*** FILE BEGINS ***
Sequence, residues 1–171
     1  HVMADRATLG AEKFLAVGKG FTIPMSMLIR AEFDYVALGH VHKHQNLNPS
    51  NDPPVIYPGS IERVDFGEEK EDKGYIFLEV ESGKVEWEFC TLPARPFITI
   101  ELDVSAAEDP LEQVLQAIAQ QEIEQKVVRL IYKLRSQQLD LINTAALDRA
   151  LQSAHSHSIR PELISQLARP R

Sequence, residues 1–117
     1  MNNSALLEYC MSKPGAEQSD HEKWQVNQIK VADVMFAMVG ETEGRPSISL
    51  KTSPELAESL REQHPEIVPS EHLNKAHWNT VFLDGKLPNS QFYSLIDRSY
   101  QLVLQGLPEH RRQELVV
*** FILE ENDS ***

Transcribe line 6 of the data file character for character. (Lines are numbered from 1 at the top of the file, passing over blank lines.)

Sequence, residues 1–117